Question about Bose Lifestyle 28 System

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Partial theft I have a bose 28iii system, i had a burglary happen, they left the subwoofer/amplifier and the wireless surround sound speakers and wireless component. I do not have the dvd player or the three speakers that sit with the tv. How do i get replacement parts?

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As far as replacing the dvd any dvd player will work, as far as your LCR speakers go ( left, center, right ) it would be best to replace them with the same ones that came with the whole system, at least you want them to be same in size, power, and manufacture relative to the 2 rear speakers, at the very least the replacements should be same in size and power relative to the originals even if not from same manufacturer so as to attain relative level balance with the rear speakers, at the very very least any LCR replacement speakers will do really. The main point is keeping the relative balance between the LCR and rear speakers, the sub can be adjusted on its own. Sorry to hear about your theft by the way, that sucks.

Posted on Aug 07, 2008

  • Brandon Belletieri Aug 07, 2008

    You may want to consider replacing the LCR's with ones that have individual volume controls on them to keep the overall balance between LCR's and rears, higher quality speakers generally have this feature.
    Since all 5 speakers in a 5.1 system are the same really it doesn't matter, the .1 in a 5.1 system means 1/10th of a bandwidth and that is the sub because it only needs to transduce 1/10th the bandwidth of regular speakers.

  • Brandon Belletieri Aug 07, 2008

    To clarify, I mean that if one wants a 5.1 monitor setup then one need only buy 5 same monitors and a sub, the monitors themselves have nothing left, center, right, or rears about them, left, center, right, and rears has to do with the matrix in the amplifier/ reciever and not the monitors themselves, so one could buy 5 of the same monitors.
    Personally unless you are hooked on bose there are many far better monitors you could buy for your system, so it doesn't have to be bose, I recommend dynaudios but they are not cheap. 

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I wish to replace a subwoofer on a surround sound system


In most surround sound systems the sub woofer is powered separately and uses a standard RCA coax connection to the receiver/amplifier.

Replacing is simply plugging in the new and reconnecting the coax cable.

Usually the audio signal is Dolby Digital 5.1 the (.1) is the LFE Sub-woofer. The connection is between the Subwoofer RCA connector on the amplifier and connects to the (LFE-Line) in on the subwoofer speaker.

Hope this helps?

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Aug 09, 2016 | Audio Players & Recorders

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How to set up a seven-speaker home theater system


Set up a home theater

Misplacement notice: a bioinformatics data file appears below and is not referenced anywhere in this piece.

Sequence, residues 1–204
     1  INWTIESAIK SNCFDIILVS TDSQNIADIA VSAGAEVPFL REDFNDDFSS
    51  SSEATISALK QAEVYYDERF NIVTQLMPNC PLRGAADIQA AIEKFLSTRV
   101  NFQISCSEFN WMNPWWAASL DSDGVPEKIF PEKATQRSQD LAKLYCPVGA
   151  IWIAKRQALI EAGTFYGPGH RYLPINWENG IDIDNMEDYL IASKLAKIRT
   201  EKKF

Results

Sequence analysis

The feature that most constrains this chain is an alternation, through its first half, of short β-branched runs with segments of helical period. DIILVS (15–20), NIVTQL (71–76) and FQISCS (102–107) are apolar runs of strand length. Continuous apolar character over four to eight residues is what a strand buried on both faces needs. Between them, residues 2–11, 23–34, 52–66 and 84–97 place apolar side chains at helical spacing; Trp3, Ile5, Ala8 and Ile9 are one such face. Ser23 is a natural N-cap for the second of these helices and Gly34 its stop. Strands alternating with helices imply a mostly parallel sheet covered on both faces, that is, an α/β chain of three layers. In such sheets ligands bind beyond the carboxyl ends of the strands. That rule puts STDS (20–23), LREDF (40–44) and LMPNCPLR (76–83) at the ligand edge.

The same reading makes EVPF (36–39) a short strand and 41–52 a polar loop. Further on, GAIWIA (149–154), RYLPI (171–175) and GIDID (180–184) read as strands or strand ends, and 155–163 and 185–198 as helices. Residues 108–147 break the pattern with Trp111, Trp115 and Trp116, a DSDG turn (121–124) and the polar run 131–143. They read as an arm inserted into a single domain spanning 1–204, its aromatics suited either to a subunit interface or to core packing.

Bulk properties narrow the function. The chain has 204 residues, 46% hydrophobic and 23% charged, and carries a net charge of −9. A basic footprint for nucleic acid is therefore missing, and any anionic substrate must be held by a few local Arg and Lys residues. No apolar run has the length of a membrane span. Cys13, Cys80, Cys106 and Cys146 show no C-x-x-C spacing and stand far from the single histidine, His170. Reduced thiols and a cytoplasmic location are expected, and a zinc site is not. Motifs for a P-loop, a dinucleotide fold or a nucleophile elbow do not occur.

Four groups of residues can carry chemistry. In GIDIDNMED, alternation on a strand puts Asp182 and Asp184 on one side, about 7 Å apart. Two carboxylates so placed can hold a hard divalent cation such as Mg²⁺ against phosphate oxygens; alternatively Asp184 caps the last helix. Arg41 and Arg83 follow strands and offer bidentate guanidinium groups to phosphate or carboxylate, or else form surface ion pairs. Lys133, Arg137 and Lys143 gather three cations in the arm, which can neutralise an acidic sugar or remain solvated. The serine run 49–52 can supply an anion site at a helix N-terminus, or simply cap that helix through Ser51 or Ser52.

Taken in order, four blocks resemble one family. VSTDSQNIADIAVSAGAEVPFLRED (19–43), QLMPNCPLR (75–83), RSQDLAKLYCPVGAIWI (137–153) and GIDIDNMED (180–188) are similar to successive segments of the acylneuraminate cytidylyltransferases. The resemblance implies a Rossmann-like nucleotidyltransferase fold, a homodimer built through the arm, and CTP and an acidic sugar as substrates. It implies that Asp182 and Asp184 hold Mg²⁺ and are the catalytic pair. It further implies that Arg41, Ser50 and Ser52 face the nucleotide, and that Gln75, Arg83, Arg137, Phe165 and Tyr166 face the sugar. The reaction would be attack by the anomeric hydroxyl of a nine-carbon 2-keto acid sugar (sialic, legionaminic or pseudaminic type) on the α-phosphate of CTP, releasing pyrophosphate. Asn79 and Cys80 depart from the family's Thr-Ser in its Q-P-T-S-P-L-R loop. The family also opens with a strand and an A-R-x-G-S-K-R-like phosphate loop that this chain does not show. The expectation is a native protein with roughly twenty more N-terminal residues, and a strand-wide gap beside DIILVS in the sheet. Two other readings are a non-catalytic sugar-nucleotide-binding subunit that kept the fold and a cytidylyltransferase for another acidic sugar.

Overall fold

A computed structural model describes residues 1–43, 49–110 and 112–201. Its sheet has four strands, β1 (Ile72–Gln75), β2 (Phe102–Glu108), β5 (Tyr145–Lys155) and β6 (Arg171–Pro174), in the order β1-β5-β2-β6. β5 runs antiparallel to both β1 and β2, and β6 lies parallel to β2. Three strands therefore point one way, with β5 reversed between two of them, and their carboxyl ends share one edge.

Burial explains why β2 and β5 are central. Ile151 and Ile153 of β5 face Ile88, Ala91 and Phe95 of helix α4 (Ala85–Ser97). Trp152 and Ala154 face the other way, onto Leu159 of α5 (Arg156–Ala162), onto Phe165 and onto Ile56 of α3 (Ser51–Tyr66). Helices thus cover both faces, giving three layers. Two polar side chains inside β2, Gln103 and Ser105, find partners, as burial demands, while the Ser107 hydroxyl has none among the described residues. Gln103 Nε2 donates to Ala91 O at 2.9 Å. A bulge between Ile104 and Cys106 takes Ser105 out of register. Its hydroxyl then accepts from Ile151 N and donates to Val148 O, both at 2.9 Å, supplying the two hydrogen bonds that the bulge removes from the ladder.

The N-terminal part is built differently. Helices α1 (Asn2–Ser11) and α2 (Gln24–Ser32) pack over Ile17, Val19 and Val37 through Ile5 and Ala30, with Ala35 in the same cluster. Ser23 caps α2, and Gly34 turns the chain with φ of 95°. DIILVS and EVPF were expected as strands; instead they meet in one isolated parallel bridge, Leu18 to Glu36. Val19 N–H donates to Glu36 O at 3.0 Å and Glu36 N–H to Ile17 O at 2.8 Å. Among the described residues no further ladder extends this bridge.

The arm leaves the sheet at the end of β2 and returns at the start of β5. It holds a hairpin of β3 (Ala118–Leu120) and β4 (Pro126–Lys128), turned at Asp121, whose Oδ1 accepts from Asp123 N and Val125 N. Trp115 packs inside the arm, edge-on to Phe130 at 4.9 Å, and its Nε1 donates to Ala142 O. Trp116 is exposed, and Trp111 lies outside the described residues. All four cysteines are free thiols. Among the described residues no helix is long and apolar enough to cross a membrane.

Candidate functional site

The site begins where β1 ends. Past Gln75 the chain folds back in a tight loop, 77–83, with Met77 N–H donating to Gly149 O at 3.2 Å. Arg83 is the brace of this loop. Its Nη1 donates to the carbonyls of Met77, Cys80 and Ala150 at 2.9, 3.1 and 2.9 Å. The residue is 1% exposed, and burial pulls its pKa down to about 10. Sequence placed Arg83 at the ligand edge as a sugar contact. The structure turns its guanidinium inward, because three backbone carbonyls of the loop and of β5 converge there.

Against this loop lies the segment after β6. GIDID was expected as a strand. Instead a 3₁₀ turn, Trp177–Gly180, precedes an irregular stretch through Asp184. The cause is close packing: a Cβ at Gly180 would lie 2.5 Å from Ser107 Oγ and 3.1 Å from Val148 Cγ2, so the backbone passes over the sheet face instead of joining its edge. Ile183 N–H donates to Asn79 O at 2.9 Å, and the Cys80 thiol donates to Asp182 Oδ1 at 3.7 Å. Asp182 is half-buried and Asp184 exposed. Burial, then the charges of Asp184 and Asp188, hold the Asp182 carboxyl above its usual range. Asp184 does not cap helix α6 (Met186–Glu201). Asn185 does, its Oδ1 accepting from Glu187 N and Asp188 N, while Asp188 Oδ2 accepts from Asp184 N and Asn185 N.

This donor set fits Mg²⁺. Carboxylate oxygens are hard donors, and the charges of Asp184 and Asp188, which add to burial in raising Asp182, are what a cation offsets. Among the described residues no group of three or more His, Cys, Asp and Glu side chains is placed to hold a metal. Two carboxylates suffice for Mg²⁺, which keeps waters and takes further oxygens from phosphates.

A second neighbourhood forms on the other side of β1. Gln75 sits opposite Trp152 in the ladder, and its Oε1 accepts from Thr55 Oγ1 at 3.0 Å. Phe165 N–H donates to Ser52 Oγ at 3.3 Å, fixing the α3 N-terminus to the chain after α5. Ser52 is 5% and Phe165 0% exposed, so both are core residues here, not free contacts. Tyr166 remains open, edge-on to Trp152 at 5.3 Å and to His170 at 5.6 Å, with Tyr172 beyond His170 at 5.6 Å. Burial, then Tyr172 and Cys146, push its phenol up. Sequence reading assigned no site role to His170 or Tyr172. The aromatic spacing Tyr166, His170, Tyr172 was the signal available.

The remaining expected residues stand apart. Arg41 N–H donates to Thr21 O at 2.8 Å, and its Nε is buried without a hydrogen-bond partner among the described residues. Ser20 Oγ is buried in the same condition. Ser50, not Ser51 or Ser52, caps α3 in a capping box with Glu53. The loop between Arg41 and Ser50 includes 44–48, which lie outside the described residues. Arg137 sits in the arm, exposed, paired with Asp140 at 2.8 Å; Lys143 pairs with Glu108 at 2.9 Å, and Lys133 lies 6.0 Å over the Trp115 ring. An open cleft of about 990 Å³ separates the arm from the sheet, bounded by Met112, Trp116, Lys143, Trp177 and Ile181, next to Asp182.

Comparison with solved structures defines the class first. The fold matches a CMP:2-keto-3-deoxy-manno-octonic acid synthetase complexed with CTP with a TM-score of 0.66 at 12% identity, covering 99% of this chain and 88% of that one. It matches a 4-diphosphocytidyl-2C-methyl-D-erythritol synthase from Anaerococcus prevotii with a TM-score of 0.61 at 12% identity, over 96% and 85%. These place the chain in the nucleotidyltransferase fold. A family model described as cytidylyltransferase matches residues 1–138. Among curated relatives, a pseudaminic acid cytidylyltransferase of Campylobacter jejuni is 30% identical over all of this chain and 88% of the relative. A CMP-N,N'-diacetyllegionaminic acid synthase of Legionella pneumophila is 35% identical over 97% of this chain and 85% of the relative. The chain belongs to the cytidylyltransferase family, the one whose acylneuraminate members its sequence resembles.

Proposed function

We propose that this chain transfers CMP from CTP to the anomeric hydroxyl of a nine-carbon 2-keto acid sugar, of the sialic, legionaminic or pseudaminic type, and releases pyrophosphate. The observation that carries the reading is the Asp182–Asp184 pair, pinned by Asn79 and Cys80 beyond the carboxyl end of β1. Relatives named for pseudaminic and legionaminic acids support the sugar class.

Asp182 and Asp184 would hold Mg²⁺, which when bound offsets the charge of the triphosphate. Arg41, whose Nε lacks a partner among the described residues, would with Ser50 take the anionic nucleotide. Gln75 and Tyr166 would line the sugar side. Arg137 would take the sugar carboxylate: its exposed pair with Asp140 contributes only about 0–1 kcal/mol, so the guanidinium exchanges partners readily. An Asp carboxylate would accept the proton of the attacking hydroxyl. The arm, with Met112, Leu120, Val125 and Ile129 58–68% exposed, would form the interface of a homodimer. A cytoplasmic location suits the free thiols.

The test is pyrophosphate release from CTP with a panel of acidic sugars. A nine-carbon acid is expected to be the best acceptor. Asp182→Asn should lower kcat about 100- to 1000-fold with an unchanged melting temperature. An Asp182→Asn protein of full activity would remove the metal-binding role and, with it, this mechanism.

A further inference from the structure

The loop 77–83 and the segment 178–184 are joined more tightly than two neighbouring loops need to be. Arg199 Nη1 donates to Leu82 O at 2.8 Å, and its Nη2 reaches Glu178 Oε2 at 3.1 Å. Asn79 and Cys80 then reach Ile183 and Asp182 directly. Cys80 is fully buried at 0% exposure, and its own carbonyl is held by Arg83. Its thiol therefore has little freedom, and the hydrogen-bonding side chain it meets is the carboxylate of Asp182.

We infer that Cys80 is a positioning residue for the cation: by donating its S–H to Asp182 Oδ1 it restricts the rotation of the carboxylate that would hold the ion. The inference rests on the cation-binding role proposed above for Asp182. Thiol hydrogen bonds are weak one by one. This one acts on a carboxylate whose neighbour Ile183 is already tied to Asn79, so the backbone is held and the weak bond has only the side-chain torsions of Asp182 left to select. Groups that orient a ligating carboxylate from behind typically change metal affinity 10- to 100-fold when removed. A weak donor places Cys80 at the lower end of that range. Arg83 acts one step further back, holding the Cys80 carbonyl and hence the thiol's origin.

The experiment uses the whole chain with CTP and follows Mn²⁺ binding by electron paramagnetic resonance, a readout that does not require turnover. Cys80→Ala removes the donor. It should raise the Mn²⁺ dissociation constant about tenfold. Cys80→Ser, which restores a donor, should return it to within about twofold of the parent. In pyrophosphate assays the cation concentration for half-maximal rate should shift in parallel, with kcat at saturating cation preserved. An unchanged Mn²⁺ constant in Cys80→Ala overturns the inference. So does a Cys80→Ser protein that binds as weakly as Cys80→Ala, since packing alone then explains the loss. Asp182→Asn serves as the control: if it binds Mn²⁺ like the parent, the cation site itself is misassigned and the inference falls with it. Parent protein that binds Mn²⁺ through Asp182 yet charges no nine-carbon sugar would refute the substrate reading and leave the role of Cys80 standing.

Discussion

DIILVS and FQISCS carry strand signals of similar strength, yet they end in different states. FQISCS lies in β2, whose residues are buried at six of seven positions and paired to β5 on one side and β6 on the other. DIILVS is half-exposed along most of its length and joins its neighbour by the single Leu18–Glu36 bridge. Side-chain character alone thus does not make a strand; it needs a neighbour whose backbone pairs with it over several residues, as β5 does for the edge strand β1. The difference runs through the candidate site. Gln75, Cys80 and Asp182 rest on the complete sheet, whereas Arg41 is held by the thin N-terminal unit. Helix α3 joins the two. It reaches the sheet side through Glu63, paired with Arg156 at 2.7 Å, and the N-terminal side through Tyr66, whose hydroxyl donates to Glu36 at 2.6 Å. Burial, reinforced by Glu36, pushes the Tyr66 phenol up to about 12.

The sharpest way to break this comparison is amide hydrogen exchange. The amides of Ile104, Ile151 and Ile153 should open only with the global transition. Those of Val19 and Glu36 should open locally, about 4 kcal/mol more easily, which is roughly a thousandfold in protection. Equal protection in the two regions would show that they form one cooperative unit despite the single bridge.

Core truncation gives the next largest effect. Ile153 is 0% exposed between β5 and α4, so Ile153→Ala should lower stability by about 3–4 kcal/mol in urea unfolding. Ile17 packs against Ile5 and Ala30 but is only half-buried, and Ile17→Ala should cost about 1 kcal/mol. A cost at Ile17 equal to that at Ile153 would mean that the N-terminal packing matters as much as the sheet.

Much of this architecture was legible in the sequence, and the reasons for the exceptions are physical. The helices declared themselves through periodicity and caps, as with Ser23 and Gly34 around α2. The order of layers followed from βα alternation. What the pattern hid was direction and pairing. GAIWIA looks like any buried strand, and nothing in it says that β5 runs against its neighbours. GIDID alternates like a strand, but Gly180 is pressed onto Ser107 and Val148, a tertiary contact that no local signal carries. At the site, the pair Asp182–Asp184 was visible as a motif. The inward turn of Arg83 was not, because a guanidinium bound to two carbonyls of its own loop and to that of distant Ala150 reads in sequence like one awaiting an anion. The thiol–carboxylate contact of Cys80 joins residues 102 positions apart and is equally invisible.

How to connect your speakers

In order to deliver surround sound, home theater systems require 5, 6, or even 7 speakers--and that's not even counting the subwoofer. Connecting all those speakers together can be quite a challenge, so here's a quick overview of the basics.

If you don't have an all-in-one, home-theater-in-a-box system, you'll probably need to supply your own speaker cables. There are several different types available--they vary in terms of wire size (or gauges) and termination types. Make sure you pick cable that's a good match for your speakers and receiver. And make sure they're long enough; the rear-channel cables in particular will be stretching all the way around the room.

Once you've selected your system and have all your speakers ready to set up, begin by placing each speaker at or near its intended location. Then, attach the cables to them one by one. After securely fastening one end of the cable to the speaker, connect the other end to the appropriate speaker output on the back of the A/V receiver. Be sure to connect the cable to the correctly labeled output.

For instance, the front-right speaker wire needs to go to the terminal labeled front-right. Also, make sure that each speaker connection is in phase, meaning negative to negative and positive to positive. Otherwise, your system's sound will sound out of whack. Repeat the process for every speaker in your system. Note that the subwoofer uses a coaxial-style RCA cable instead of standard speaker wire.

Once all the wires are connected, you should test the system with several DVDs and CDs, to ensure that everything is in working order.

For our first example, we used an elaborate 7.1-channel system, so it may have 1, 2, or several more speakers than your system. Some systems even employ wireless rear speakers, or virtual surround-surround modes that simulate multichannel experience from 3, 2, or even 1 speaker. And some listeners still prefer good old stereo sound from 2 speakers. No matter what type of speaker setup you prefer, however, the wiring basics remain the same.

How to position surround-sound speakers and a subwoofer